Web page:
Today, rubber components found on cars are synthetic, which means they're made from petroleum. But Ford is currently working on a way to not only make these components from a sustainable source, but to also eliminate a pesky weed in the process.
Ford's engineers have developed a potential petroleum-rubber replacement that's made from the common dandelion. The milky white substance created from the plant could potentially be used in cup holders, floor mats, and interior trim pieces, to name a few applications. And since the dandelions would be sourced locally, this also cuts down on shipping costs.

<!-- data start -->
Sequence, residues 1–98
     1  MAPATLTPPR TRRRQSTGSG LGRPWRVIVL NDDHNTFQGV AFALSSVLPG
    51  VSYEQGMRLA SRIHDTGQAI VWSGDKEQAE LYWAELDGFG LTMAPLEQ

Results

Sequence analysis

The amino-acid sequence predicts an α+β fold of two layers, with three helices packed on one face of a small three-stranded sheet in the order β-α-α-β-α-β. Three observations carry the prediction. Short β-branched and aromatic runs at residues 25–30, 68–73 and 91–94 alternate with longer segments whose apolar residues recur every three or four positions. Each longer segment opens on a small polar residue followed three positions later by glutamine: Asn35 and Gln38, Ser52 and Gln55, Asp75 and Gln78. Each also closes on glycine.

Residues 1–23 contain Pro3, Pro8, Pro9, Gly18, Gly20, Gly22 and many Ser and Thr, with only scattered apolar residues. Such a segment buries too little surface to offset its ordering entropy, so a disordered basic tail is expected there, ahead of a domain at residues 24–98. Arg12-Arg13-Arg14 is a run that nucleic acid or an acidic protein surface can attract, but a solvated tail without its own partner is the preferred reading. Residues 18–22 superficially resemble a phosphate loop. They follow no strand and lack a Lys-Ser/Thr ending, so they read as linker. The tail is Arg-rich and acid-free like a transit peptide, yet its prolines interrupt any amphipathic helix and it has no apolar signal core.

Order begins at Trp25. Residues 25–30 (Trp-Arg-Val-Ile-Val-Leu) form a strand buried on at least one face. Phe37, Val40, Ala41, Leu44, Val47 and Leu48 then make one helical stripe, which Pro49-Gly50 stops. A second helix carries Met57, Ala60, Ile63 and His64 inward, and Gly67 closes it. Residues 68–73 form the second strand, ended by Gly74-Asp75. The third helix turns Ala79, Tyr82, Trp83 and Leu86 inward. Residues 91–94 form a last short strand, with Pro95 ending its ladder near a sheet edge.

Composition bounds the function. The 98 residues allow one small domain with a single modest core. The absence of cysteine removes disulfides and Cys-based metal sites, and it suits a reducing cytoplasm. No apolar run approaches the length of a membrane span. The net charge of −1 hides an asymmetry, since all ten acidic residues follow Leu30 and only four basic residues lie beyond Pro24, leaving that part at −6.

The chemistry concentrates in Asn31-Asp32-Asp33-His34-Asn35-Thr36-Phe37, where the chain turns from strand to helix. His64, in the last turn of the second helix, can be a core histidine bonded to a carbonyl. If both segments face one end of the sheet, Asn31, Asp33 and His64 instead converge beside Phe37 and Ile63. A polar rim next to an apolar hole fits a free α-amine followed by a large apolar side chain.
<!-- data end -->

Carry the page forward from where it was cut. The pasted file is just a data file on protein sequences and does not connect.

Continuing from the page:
However, one researcher notes that, while moves like this are good, they don't really solve the biggest issue with automotive pollution.
"Only about 10 to 20 percent of the emissions are tied up in manufacturing," clean vehicles researcher Jim Kliesch told the New York Times. "So that leaves 80 to 90 percent to operating the vehicle and creating the fuel. What Ford is doing is admirable, but at the same time it'd make a lot more sense to improve the overall efficiency of their fleet."